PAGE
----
mapping comics round 001

This is a incredibly successful page of comics. Career-best work from David Aja; understated and clean, with a smooth integration of multiple disparate influences, from old-school 2D brawlers to Chris "Building Stories" Ware. But most worthy of initial examination is the fact that Aja sticks to the basic rules of pictorial composition notably explicated by Frank Santoro in his Layout Workbook and ComicsComics posts (roll your mouse over the page above to see).

Aja's figures and iconograms align to the live areas of the near 1:1½ ratio rectangle, with the two overlapping circles of the vesica piscis in almost perfect tension with each other. Aligning your layout to the page harmonics is just one thing though, and Aja seems to have long integrated the instinct towards the natural live areas on the page into his own layout style.

The more interesting and impressive feat to me is that the rules of composition are well-stuck-to while Aja also deftly recalls Streets of Rage, Turtles in Time, X-Men the arcade game and more, and very clearly getting his little moment of Ware in there as well. 

It is a strange juxtaposition indeed, Ware and The Brawler. The two connected here by an unseen, in-your-head-only moment of lightning-fast action. We're taken from the play-acting-violence of video-game-childhood to a cold, quiet, reflective state of adulthood separated by a never-ending yet-still-so-very-brief moment of stunning pain.

What a fuckin' page. 

Aja codes so much into this thing, that you could go super-deep into the examination of just about every element present here. The broken perspective in the middle tier to evoke the brawler, the vast slowing of the rhythm at the end of the page, the character-select-like headshots at the top, which through their very design imply the usual henchman advantage of numbers. You could talk at length about the numerous ways Aja manages to make the natural page geometry work to his advantage, you could talk about exactly how and why the broken perspective and lack of flat blacks in the middle tier recalls not only brawlers but Chris Ware's own diagrammatic approach to image-making.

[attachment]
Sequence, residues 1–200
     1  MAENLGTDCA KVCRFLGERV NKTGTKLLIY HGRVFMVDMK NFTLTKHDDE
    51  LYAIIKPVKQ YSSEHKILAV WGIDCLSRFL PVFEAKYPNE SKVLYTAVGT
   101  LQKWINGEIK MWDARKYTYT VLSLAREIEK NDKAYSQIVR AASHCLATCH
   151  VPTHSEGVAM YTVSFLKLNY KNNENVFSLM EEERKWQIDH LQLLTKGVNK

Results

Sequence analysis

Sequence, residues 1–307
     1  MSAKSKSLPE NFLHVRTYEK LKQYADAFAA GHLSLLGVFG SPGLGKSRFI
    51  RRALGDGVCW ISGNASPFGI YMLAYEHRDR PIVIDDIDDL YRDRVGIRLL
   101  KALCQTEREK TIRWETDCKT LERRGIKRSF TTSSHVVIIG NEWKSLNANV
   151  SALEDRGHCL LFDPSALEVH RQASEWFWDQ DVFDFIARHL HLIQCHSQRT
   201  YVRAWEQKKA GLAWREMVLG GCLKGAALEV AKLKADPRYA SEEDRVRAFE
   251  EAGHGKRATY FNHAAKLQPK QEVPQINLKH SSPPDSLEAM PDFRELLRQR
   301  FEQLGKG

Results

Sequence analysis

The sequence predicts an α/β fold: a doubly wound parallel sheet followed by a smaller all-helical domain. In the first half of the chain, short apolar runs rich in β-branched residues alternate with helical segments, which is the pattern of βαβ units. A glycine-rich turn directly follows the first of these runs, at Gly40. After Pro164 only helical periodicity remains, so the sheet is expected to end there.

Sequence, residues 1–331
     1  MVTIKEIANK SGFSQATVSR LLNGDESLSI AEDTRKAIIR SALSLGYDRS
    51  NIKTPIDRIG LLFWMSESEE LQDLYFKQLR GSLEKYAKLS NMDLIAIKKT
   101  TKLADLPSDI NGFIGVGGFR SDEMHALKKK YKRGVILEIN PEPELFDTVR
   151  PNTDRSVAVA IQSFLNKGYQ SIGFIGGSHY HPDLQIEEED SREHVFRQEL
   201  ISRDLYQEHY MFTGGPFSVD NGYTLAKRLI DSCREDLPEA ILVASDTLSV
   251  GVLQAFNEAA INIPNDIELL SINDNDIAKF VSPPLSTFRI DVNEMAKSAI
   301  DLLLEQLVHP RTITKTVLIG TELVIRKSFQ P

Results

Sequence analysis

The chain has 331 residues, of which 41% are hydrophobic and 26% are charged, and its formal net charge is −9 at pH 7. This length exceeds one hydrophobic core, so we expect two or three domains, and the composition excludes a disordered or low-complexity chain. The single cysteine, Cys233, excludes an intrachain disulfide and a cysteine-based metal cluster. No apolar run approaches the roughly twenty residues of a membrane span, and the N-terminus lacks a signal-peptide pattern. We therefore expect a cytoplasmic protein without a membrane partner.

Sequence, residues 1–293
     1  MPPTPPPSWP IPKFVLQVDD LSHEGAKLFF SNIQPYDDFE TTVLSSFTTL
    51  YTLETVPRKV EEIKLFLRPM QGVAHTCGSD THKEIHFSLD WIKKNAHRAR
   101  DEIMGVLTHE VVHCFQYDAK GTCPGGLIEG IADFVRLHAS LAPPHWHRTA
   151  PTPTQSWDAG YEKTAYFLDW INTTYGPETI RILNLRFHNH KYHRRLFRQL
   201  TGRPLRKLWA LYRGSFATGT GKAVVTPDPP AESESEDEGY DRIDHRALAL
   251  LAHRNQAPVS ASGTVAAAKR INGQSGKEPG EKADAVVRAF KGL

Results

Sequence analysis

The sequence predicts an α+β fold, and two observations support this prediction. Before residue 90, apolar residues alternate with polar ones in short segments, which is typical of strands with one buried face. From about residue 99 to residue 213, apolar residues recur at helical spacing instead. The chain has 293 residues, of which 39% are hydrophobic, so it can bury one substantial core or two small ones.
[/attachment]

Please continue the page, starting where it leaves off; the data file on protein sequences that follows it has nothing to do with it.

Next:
There's even something to be said for Aja's particular stylistic approach; his own more realistically rendered style seen elsewhere in the series would outright break the effect, here. He knows when and how to pare it back.

A great goddamn page of super-comics.

Would that they were all so good.

written with many thanks to David Aja and
with many apologies to Frank Santoro

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